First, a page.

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Pennsylvania’s Special Protection Waters are at risk if the state Senate votes in favor of House Bill 1565 (HB1565) which would remove the riparian forest buffer requirement for land developments. As early as Tuesday, October 14th, requirements for erosion and sedimentation control in permits that direct how developers leave land when construction projects are complete may be undermined by HB1565. This movement is a step-backward for Pennsylvania streams and the residents and visitors who use and enjoy these valued waters.
Pennsylvania residents: tell your state Senator, before HB1565 goes to vote Tuesday, that regulations for healthy rivers protected by riparian forested buffers are important.
Current buffers regulation was put in place to preserve and protect Pennsylvania High Quality and Exceptional Value waters by not allowing new development within 150 feet of the water and requiring developers to establish a fully forested buffer where waterways are already impaired. HB1565 would eliminate the current requirement and allow developers to build within 100 feet of a waterway and offset- the disturbed riparian buffer elsewhere in the watershed.
HB1565 supporters lack understanding of the benefits of buffers.
Here are the facts:
PA’s current regulation offers developers flexibility without burdening landowners or developers; in fact buffers can be an asset to a development site in terms of pollution control and increased property-values.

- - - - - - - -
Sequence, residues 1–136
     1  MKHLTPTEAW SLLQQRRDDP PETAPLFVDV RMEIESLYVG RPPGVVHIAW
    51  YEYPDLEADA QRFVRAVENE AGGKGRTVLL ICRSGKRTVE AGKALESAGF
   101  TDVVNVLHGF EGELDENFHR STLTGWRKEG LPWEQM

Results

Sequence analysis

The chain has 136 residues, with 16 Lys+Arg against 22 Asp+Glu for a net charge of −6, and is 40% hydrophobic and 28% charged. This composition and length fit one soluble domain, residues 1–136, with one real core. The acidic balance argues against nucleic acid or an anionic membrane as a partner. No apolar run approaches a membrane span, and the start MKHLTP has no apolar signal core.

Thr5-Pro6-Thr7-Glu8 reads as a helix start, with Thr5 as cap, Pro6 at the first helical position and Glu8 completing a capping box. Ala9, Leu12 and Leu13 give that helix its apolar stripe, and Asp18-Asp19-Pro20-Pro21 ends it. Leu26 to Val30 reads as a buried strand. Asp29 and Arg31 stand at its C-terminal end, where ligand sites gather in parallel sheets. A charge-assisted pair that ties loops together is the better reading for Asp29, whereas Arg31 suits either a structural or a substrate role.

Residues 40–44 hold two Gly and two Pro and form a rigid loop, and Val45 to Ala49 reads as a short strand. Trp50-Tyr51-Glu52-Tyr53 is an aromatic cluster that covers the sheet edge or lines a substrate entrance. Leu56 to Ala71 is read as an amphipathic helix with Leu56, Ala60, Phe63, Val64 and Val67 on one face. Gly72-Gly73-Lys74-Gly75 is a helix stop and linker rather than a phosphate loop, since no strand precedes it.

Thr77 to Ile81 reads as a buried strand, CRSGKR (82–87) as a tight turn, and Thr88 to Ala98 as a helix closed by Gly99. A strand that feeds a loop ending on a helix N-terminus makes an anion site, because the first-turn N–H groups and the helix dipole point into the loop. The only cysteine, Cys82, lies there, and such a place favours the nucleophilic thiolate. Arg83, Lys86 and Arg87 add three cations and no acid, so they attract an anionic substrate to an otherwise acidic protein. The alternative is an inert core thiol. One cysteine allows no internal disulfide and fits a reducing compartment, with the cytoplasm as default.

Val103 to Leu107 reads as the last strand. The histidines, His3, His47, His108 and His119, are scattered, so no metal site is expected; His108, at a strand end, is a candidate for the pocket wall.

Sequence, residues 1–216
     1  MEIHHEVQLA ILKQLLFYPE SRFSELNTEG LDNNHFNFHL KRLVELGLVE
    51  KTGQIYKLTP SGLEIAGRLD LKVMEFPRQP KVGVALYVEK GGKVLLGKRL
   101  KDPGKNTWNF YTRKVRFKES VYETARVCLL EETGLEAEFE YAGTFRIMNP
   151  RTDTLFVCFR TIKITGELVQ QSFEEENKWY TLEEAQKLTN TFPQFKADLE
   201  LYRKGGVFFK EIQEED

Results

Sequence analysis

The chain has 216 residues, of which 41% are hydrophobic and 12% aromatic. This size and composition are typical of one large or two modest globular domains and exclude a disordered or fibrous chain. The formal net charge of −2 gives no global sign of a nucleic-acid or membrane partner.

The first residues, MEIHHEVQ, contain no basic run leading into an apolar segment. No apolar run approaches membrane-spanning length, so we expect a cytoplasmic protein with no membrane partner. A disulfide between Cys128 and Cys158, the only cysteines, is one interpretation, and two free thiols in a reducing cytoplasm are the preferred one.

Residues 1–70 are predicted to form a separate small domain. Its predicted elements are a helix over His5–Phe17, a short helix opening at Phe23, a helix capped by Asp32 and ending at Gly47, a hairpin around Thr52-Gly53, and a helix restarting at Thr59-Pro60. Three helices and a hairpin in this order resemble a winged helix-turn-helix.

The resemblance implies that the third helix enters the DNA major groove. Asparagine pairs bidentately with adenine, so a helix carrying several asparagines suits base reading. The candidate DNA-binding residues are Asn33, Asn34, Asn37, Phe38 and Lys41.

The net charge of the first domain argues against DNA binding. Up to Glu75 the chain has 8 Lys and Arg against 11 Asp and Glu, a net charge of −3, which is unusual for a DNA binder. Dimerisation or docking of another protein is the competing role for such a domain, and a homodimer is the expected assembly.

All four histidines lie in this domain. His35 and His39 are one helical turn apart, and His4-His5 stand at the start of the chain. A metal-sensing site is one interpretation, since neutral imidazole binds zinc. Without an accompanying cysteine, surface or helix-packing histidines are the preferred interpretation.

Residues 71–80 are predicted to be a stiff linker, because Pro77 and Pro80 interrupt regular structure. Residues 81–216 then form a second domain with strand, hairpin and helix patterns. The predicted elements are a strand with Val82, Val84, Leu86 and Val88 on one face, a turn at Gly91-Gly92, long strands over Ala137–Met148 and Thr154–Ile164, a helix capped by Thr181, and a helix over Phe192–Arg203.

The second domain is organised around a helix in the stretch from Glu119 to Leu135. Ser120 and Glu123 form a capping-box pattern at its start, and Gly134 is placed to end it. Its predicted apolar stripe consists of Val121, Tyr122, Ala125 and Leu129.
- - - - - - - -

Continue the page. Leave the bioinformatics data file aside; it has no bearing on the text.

Streamside forests are the natural condition of Pennsylvania streams and are amongst the most cost-effective water quality and stream protection tools available. Pennsylvania has invested in restoring forested stream buffers to protect Pennsylvania’s best streams, restore water quality in degraded streams, and maintain the Chesapeake Bay Clean Water Blueprint.
Research demonstrates that forested buffers provide significant nonpoint source pollution removal, for pollutants such as nitrogen, sediment, and phosphorus—the leading causes of stream degradation in Pennsylvania and the major pollutants impacting the Chesapeake Bay.
Communities rely on stream buffers to deal with stormwater problems. Streamside forests provide a stormwater function by capturing, absorbing and storing amounts of rainfall up to 40 times greater than disturbed soil. Riparian buffers reduce flooding impacts and on-site stormwater management costs.
Buffers improve and maintain fish and other stream habitat by shading the sun (maintaining critical stream temperatures) and stabilizing the bank to ensure a more natural environment and channel.
Buffers have economic-value in term of not only being a low-cost control alternative but also through increased recreational and use values form an aesthetic view.
Pennsylvania community-based groups are engaged around HB1565, working hard to protect clean water and environments and communities dependent upon healthy streams. Read the perspectives and activities of our many partners who value forested riparian buffers:
Earlier this year our Executive Director, Bill Borden, announced his intention to leave the organization to concentrate on a career transition. During the past several months EarthShare Washington's (ESW's) Board of Directors has been engaged in a succession planning process.
Don Willott is a member and past president of City of Bainbridge Island’s Non-motorized Transportation Advisory Committee. He is also vice president of the North Kitsap Trails Association and chair of its Sound to Olympics Trail Committee. He provides us with this post.